Heavyweight American Films Populate the 66th Annual Cannes Film Festival
The 66th Annual Cannes Film Festival is nearly upon us. Running from May 15th to the 26th, the Festival has already been praised for a well-curated lot of films drawn from an eclectic mix of established and rising international filmmakers. This year’s competition films seem a placid bunch, likely to garner more reflection and praise than controversy, but with one of the most Hollywood- and American- leaning competition slates and jury committees in recent years, there are more than a few tantalizing developments to watch as familiar faces and revered talents walk the Croisette for the next two weeks.
The United States is obviously no stranger to the festival, but this year’s American submissions not only stand out but seem to lead the pack. Not only do American directors have the most submissions in the main competition, with five films it is the strongest showing since 2007. And what a bunch it is: Jim Jarmusch’s Only Lovers Left Alive starring Tom Hiddleston and Tilda Swinton, the Coen Brothers’ Inside Llewyn Davis featuring an all-star cast including Oscar Isaac, Carey Mulligan, Justin Timberlake, and John Goodman, Alexander Payne’s Nebraska, James Gray’s The Immigrant, starring Joaquin Phoenix and Marion Cotillard, and Steven Soderbergh’s already infamous Behind the Candelabra, with Matt Damon and Michael Douglas.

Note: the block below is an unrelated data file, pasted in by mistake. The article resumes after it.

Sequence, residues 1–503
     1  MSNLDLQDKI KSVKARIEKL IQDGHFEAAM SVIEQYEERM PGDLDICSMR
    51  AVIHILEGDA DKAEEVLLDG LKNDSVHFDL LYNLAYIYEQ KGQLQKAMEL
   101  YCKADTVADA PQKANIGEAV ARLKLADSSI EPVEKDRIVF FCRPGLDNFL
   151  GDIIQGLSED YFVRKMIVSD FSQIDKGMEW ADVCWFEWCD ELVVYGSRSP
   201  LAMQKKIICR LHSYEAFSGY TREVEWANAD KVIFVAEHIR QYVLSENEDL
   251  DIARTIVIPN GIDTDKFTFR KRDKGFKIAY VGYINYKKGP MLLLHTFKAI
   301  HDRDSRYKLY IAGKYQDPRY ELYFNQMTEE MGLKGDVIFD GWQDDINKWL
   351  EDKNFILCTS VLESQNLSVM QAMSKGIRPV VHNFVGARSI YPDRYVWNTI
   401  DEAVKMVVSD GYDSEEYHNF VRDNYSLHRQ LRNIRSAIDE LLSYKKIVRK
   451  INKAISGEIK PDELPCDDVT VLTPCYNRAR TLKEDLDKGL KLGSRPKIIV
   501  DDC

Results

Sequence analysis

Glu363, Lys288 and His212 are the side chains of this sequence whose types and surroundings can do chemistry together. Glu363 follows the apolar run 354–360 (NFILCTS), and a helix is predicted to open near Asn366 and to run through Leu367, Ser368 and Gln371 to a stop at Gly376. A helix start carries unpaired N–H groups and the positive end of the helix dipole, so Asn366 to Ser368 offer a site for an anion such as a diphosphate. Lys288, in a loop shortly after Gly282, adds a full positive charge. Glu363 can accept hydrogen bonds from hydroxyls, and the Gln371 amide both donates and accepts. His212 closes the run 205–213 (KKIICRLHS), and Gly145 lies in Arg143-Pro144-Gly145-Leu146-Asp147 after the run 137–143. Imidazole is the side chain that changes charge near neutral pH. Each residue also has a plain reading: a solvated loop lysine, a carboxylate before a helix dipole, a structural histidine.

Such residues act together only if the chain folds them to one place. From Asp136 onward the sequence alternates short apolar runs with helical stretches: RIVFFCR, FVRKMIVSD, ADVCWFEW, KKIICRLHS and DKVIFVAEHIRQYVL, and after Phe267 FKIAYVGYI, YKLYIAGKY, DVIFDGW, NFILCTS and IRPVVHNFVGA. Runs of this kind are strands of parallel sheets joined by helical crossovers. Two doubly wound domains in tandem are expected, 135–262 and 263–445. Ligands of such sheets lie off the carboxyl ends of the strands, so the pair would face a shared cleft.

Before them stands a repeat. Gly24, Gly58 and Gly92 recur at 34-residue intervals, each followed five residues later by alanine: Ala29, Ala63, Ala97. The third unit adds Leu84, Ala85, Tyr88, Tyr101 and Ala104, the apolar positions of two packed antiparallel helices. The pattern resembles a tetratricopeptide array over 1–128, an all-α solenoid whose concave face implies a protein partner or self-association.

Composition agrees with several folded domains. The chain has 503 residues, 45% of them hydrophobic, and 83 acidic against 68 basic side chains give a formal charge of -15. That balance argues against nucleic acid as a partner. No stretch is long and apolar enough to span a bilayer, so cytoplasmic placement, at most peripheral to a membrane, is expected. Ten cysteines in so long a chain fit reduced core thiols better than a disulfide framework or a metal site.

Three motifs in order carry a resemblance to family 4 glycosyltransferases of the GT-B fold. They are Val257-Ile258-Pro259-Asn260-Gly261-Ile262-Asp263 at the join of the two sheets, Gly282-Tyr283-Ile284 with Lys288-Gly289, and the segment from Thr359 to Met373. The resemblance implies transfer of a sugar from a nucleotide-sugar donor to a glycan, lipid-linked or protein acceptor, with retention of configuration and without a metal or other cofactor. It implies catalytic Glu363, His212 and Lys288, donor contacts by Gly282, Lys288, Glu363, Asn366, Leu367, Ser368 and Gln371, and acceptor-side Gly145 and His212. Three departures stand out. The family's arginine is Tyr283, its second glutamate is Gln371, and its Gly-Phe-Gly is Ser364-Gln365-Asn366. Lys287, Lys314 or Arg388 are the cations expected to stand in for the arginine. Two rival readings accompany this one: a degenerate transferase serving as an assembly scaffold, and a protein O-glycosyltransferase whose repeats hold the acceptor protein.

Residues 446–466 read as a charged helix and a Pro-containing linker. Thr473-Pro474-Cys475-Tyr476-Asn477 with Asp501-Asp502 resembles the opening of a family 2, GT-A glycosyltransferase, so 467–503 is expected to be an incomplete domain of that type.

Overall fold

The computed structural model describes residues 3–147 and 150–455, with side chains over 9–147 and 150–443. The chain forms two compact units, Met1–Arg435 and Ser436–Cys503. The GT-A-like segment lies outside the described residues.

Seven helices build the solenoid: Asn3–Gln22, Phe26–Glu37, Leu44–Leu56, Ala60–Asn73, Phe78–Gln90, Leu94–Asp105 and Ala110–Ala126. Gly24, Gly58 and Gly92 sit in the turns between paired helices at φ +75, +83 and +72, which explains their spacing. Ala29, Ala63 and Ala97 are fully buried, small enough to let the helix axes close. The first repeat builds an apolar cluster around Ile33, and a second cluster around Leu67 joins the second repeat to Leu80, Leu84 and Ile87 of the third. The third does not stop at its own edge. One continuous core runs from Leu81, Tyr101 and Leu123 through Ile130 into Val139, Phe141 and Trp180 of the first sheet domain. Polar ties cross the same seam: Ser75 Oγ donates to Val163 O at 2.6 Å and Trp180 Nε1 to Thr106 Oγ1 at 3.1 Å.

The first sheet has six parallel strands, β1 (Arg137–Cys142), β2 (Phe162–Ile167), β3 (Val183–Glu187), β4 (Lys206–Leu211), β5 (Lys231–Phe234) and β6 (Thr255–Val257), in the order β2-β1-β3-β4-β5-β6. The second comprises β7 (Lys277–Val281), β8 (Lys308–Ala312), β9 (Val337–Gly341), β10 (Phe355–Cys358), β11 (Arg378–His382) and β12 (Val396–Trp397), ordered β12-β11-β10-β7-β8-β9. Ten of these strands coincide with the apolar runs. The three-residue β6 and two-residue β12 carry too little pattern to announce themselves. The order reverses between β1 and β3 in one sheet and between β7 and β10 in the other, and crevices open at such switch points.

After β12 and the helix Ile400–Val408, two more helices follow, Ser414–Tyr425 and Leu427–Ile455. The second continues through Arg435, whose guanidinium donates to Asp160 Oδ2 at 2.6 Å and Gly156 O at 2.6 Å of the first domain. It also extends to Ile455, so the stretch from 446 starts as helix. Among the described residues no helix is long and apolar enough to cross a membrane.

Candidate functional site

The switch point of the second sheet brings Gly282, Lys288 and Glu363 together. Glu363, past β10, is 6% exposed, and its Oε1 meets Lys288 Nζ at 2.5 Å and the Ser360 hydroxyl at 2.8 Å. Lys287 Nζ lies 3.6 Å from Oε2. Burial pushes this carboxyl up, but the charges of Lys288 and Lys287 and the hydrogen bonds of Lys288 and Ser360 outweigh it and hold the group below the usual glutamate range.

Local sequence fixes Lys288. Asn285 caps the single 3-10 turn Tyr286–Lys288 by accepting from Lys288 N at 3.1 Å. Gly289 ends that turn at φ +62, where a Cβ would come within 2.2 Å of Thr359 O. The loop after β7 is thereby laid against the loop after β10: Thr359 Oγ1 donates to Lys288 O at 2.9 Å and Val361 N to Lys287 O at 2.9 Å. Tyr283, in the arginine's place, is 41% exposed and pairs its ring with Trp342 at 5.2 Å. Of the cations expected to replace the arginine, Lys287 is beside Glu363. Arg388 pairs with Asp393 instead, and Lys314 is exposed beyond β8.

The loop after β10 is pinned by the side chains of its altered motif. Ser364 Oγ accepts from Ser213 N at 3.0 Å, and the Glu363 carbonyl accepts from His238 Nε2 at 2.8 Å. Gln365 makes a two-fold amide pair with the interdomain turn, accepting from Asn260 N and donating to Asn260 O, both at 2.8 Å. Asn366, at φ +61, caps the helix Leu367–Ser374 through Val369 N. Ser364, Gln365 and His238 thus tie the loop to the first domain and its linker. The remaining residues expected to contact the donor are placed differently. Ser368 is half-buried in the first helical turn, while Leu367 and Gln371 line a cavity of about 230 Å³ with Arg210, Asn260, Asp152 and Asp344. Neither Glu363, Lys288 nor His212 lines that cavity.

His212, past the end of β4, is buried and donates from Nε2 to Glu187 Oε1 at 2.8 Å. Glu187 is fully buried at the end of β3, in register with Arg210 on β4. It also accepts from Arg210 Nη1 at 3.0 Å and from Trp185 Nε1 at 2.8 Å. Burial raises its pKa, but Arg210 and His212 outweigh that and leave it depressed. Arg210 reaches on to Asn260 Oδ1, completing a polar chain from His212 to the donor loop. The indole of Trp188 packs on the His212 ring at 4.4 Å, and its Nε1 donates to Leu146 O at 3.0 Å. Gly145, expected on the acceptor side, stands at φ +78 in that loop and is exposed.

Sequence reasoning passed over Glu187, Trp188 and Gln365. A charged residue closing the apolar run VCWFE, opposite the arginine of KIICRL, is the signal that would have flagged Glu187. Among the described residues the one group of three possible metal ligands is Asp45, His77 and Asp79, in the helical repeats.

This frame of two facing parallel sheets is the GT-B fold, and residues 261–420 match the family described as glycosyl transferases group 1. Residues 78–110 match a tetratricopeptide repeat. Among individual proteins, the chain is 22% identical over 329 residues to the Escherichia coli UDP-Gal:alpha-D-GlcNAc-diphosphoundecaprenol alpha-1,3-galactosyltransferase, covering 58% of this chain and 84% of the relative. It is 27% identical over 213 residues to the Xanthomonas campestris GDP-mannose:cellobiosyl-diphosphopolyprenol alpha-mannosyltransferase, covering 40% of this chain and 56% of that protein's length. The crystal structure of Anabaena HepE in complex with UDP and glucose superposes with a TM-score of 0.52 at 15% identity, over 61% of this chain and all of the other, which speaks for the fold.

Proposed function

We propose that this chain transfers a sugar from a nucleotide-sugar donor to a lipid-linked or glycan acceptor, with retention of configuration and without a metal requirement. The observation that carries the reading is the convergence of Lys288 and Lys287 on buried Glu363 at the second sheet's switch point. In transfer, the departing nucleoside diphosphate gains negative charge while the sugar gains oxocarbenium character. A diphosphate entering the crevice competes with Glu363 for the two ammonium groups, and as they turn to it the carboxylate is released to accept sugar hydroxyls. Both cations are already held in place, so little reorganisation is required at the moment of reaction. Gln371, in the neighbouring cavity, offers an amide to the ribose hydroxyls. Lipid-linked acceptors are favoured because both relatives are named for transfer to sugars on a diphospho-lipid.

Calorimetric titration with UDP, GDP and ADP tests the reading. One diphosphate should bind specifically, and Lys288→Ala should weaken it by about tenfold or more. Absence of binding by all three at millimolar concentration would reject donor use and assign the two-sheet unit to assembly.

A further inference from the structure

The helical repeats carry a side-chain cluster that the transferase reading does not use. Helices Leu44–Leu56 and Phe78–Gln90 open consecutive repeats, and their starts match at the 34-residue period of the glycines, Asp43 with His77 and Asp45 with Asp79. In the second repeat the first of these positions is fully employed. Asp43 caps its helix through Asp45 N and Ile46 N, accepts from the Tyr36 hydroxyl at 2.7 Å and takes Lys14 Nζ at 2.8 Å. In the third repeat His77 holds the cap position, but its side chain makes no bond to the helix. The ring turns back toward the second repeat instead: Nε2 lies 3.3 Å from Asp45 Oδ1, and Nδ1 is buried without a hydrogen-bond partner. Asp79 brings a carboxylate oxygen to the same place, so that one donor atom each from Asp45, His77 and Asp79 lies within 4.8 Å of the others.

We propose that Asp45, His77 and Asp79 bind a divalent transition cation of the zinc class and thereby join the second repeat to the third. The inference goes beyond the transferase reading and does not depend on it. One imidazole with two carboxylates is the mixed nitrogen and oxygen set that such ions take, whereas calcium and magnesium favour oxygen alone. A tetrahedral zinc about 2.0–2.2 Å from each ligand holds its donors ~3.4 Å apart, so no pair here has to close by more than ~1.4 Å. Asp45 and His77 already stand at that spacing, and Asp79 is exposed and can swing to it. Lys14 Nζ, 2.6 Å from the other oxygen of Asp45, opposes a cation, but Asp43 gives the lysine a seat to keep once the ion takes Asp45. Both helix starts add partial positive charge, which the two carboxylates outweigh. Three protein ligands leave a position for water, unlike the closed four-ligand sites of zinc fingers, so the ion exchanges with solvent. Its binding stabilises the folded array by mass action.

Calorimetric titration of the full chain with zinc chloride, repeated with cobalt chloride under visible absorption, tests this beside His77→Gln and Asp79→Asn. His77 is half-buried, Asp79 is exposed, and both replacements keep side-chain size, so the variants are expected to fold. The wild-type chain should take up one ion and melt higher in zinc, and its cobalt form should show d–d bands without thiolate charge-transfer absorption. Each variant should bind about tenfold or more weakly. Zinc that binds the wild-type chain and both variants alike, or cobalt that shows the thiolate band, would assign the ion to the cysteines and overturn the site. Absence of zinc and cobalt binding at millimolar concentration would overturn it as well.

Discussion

The Coen Brothers and Soderbergh each hold a Palme d’Or, for 1991’s Barton Fink and 1989’s Sex, Lies and Videotape, respectively. But Payne, Gray and Jarmusch are no strangers to the big show either, with a combined 14 main competition entries across their careers. Payne’s Nebraska was one of the last entries into this year’s slate, screened and confirmed by the festival selection committee within the last 48 hours of the submission deadlines, which, coupled with scant details about the film and a highly-anticipated first “serious” leading role for MacGruber star Will Forte, leaves the black-and-white comedy one of Cannes’ most anticipated films, and one which could possibly upset the Coen Brothers’ much buzzed-about Inside Llewyn Davis.
It is not just this year’s slate of auteurs, but the opening night film and the selection committee itself that bear a heavy Hollywood slant. Steven Spielberg, perhaps the most quintessentially American of directors, has only one Cannes win to his name—a shared Best Screenplay award for his 1974 film Sugarland Express—but a veritable sea of accolades otherwise. He is joined by Australian actress Nicole Kidman, an Academy Award winner and a Cannes stalwart, Austrian actor Christopher Waltz, a two-time Academy Award winner for Best Supporting Actor for his work with Quentin Tarantino, and of course, Ang Lee, Spielberg’s better in the most recent Academy Awards Best Director competition, and, arguably Taiwan’s most famous export. Rounding out the Palme d’Or jury are three well-respected international auteurs, Romanian Cristian Mungiu, Japanese Naomi Kawase, and Britain’s Lynne Ramsey, all of whom have competed for the prize before, as well as Indian actress Vidya Balan and French actor-director Daniel Auteuil.